Adrian Whitmarsh, managing director of Premier Aviation, a specialist company in big music tours, said he was sorry his charter brokerage had not awarded long-term tour work to a UK operator of late, citing the uncertainty.
Aoife O’Sullivan, partner at the Air Law firm and panel moderator, noted she had not seen any new requests for business aircraft on to the G-registry in the past 18 months. Rather, there had been interest in other registries, including Ireland.
Newly appointed EBAA CEO Athar Hussein Khan said his association was not talking about Brexit any more, but personally he feared for UK operators in a no-deal scenario.
A panel on slots and access, moderated by Jason Hayward, general Manager at Stansted-based Universal Aviation, reiterated it is increasingly difficult to get slots at London’s Luton and Stansted airports. Night-time restrictions meant the only 24/7hr airport in London now is Southend. With RAF Northolt closing from April for six to eight months, there will be more pressure. “The very nature of business aviation being ‘unscheduled’ does not work for our sector,” said Marc Bailey, who advocated a percentage of slots could be ring-fenced for business aviation at slot-allocated airports.
Airport Coordination managing director Edmond Rose said his organisation could not change the rules but urged BBGA to lobby the government and CAA. EasyJet’s delays at Luton last summer, encroaching on slot availability, were caused by ATC, but ACL closely monitors its airlines and if they are not using their slots (under the 80% rule), they will be fined and will lose them, he said.
Nelson Pereira, head of slots desk at NetJets said access was a daily struggle for his organisation, noting the fractional operator is operating less evening flights as a result.
Oxford Airport head of business development James Dillon-Godfray said it could take years and many hours of public inquiries to get opening hours permanently extended. “We can go up to midnight on request, but it is costly with additional rostering fire and fuel cover. In our peak periods, between June and September, it is much easier to justify.”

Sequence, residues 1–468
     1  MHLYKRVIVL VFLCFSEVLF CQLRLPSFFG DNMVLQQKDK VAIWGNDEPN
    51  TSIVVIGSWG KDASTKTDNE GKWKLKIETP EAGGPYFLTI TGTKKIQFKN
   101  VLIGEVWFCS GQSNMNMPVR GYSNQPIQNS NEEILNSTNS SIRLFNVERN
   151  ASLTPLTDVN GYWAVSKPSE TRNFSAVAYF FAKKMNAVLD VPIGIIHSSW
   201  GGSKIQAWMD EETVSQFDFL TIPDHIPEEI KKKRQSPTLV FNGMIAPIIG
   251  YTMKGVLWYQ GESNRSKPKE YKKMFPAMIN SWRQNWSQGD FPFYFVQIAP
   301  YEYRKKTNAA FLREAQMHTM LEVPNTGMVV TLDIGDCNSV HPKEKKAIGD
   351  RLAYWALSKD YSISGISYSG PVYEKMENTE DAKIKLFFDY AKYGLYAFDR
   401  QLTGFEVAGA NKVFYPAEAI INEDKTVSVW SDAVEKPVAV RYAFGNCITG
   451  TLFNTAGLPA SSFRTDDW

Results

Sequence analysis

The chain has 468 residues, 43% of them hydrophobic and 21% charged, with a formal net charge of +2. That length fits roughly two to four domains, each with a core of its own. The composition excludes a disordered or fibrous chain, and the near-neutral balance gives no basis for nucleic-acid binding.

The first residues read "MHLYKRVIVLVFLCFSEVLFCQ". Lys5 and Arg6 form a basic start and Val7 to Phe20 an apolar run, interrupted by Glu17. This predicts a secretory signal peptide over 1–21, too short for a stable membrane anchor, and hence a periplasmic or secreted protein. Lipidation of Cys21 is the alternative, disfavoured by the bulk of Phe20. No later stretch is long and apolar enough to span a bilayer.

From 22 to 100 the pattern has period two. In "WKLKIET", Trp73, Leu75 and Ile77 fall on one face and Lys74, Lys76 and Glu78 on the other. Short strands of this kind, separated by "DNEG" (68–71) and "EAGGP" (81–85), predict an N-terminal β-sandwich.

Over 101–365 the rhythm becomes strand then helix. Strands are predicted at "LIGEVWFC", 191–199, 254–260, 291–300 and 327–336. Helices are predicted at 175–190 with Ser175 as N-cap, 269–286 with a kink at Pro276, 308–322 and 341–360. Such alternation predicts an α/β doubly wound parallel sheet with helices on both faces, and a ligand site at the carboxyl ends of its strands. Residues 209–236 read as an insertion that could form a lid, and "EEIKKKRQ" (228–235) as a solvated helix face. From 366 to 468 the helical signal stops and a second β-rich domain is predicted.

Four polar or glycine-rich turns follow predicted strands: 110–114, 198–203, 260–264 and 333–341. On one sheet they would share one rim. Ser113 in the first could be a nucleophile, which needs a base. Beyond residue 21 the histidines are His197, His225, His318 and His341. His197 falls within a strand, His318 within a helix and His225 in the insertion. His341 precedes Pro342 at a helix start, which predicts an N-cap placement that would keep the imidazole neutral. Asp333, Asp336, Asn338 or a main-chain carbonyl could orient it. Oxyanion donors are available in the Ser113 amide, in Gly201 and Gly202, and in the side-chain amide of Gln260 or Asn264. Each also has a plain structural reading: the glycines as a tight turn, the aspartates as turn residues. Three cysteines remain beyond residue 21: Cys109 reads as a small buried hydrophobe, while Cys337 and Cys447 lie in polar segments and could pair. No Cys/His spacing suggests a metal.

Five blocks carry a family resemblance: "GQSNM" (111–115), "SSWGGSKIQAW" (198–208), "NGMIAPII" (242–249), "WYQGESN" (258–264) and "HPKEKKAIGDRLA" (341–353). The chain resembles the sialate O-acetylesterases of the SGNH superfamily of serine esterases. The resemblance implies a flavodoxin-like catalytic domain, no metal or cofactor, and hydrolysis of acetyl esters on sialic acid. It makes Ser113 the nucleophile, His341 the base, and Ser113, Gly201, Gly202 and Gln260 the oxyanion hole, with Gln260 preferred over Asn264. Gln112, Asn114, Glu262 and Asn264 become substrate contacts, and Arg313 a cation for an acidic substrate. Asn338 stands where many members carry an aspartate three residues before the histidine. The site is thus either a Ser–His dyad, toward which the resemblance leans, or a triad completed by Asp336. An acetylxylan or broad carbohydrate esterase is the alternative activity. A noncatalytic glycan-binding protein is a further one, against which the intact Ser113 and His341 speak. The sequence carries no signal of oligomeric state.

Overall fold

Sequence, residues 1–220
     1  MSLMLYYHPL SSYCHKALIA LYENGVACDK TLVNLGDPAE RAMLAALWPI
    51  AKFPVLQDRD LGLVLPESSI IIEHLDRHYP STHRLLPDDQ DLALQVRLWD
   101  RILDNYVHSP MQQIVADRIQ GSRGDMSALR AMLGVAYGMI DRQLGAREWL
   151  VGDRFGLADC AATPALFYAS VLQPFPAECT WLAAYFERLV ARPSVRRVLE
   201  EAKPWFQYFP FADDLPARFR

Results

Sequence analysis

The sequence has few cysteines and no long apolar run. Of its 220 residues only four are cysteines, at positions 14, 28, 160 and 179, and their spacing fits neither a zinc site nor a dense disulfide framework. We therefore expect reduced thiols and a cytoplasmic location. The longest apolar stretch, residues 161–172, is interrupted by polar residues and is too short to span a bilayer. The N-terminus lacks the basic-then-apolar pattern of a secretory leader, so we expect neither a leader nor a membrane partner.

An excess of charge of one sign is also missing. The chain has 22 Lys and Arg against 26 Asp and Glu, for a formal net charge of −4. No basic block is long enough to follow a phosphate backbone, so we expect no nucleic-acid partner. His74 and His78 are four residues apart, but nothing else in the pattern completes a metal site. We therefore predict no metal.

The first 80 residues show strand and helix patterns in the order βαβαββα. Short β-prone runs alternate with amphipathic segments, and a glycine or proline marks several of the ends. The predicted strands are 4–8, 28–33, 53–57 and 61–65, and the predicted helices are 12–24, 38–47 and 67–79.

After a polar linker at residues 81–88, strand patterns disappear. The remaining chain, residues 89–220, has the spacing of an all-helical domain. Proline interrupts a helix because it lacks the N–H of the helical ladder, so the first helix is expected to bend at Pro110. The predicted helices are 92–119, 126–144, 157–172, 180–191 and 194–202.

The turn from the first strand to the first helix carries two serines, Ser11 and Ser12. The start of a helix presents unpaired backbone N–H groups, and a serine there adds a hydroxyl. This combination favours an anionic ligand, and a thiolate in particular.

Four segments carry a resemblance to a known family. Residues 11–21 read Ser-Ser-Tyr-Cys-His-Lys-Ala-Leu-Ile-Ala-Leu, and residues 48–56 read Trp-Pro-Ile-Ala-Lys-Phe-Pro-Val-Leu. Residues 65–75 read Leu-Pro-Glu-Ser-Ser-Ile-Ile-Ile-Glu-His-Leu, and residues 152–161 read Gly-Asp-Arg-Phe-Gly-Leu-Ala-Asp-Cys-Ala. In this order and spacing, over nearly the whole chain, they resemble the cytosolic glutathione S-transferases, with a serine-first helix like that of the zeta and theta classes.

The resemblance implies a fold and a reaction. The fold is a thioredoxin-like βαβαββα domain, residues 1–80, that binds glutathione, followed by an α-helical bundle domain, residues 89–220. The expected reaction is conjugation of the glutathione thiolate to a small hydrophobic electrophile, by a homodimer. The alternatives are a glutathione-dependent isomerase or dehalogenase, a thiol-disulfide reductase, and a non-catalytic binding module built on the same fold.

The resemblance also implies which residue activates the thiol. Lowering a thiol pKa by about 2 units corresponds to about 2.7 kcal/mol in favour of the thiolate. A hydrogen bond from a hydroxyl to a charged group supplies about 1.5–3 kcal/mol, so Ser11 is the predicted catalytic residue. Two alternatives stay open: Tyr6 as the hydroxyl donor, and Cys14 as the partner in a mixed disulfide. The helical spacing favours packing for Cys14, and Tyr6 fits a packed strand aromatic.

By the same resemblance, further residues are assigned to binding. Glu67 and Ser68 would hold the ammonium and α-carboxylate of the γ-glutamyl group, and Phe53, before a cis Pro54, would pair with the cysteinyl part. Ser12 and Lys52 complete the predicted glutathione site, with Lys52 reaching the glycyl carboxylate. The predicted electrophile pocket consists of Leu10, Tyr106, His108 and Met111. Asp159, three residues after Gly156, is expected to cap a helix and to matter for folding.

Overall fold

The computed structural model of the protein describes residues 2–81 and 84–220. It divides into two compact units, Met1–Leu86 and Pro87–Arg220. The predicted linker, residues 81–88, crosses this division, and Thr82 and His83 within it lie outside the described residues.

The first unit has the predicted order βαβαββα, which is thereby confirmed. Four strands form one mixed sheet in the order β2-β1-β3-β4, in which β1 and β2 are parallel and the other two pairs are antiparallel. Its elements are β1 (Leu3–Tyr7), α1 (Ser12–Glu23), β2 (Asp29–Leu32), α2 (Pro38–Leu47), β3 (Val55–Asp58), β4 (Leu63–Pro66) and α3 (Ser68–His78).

"At a time of so many challenges in our sector, the role of BBGA as our lobbyist has never been so important", said Penny Stephens, CEO of Inflite The Jet Centre, this year’s recipient of the Michael Wheatley Award for excellence in aviation.
Stephens was recognised for a devoted three decades in the sector, creating and growing, together with her husband Ray, an award-winning FBO and successful independent MRO, specialising in Embraer and Boeing BBJs.
In an example of future-proofing its business, Inflite has just acquired Excellence Aviation, a Bombardier Challenger and Global MRO, which is moving in at the Stansted HQ.
Marwan Khalek, chairman of BBGA these past eight years, whose global business Gama Aviation Plc has been involved with the association for 35 years, originally as GAMTA, announced he was stepping down from the role. Thanking him for his sterling work guiding the association, Bailey said a successor would be confirmed shortly.
Subsequent to this report it was announced in Parliament last week by Defence Minister Tobias Elwood MP that airstrips at Royal Marine’s (RM) Condor, RM Chivenor and MoD Woodbridge would all be retained permanently. RAF Henlow has had its decommissioning delayed until 2023, while RAF Halton and RAF Colerne have been saved until at least 2025.
Chair of APPG GA Airfields Working Group, Luke Pollard MP, said: “It is fantastic news these historic military airfields are remaining open into the future.
“The sites are all the perfect habitat for light aviation and would make valuable additions to the national strategic network of airfields. The Government needs to seize this opportunity.”